One marketing writer, I’ve come across bills advertorials as;
“a semi-sneaky way to write your own advertisement into the trusted reputation of a publication like the New York Times.”
Many ad agencies think advertorials are below them because they are not “creative” enough.
I don’t think there’s anything sneaky or uncreative about them at all.
For one thing, you don’t get to fool anyone because publications highlight that advertorials are advertisements.
Secondly, they are an honest pitch for sales or enquiries even though they may lack the “creative” elements that trendy agencies love.
I like advertorials, and they have their place.
They offer an excellent way to deliver lots of information to a target audience, and if written well and in the style of the journal or website in which they appear, they have an excellent chance of being read.
Advertorials are therefore reliant more heavily on copy than they are on images.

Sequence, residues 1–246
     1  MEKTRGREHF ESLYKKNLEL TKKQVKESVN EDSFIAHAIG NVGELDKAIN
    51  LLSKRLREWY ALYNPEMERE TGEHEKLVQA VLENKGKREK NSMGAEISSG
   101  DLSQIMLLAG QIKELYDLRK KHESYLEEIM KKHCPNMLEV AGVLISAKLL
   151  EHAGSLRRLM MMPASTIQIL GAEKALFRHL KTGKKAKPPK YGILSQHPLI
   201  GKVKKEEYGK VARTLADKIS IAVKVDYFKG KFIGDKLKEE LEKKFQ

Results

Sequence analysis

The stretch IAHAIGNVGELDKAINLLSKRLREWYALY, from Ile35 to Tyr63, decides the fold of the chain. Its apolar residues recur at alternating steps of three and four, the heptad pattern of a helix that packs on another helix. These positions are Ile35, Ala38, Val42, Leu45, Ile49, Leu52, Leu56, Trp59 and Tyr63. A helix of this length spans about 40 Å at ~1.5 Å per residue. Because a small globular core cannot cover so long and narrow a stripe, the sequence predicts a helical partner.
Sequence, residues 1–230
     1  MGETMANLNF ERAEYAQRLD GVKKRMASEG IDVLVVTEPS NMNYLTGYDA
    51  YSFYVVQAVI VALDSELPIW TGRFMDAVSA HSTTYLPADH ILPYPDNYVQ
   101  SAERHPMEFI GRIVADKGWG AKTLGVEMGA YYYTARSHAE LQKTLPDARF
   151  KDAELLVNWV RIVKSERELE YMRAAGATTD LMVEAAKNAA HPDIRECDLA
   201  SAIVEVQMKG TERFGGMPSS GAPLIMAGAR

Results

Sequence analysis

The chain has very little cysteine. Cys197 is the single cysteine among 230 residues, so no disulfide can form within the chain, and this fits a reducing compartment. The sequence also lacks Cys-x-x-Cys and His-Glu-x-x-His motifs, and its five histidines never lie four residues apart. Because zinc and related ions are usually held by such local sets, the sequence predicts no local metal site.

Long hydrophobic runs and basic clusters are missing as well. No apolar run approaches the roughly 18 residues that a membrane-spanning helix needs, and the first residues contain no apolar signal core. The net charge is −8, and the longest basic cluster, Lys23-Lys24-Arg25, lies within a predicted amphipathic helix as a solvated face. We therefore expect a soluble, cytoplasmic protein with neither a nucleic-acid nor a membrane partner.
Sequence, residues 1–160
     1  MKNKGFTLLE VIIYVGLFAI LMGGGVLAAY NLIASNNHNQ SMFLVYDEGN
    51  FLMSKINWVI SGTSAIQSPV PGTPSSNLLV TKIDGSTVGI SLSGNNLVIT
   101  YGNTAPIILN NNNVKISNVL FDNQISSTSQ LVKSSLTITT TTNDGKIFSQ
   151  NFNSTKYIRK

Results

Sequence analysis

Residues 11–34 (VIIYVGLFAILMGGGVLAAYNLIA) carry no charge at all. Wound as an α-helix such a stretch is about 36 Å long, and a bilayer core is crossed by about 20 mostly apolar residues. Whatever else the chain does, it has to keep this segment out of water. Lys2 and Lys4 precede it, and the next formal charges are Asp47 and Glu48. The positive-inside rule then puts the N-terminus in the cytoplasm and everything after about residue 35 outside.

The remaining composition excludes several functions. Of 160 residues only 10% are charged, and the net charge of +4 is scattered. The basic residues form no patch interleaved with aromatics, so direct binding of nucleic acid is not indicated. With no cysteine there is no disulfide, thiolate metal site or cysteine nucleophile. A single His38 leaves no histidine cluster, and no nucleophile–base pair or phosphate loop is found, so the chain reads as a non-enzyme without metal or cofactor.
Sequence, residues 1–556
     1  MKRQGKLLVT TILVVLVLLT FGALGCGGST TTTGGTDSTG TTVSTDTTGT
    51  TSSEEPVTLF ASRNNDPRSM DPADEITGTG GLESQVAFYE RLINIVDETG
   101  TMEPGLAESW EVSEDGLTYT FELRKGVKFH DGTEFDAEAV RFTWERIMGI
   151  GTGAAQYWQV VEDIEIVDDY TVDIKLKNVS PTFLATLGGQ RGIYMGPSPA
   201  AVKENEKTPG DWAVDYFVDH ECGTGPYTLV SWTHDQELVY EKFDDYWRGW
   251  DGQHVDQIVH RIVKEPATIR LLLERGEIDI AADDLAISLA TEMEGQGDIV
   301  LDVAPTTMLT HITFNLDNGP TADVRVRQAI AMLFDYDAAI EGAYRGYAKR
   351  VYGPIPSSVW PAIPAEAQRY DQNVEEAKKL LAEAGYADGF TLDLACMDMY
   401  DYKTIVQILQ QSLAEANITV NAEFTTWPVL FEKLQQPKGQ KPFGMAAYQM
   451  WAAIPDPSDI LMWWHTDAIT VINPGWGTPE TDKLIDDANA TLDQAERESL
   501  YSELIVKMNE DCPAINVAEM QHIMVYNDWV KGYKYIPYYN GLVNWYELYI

Some of advertising legend David Ogilvy’s early advertisements were significantly “copy” heavy.
There was usually an image of the product, but he went to great lengths to explain the benefits.
Perhaps his most famous example of this advertisement style is the Rolls Royce “At 60 miles per hour the loudest noise in this new Rolls Royce comes from the electric clock.”
The ad reads like an advertorial, as do many other ads created by his agency for Mercedes Benz, Lever Bros, Avis and Aga.
That’s a pretty good client list.
The focus of my work is on producing copywriting and content that sells.
Helping to make sales is the best way I know to make our clients happy.
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